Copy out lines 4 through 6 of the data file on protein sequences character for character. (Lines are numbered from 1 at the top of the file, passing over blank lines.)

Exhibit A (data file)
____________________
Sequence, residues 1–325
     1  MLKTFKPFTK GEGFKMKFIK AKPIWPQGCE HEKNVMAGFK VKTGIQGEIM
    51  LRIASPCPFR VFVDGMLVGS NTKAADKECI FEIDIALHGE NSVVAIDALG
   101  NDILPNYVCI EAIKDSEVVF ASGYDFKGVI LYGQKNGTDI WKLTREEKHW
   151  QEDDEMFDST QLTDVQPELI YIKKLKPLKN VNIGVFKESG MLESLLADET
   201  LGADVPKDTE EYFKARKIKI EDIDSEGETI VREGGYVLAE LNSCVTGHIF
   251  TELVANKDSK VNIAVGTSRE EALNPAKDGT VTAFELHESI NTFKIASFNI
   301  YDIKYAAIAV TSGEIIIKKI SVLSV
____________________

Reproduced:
   101  NDILPNYVCI EAIKDSEVVF ASGYDFKGVI LYGQKNGTDI WKLTREEKHW
   151  QEDDEMFDST QLTDVQPELI YIKKLKPLKN VNIGVFKESG MLESLLADET
   201  LGADVPKDTE EYFKARKIKI EDIDSEGETI VREGGYVLAE LNSCVTGHIF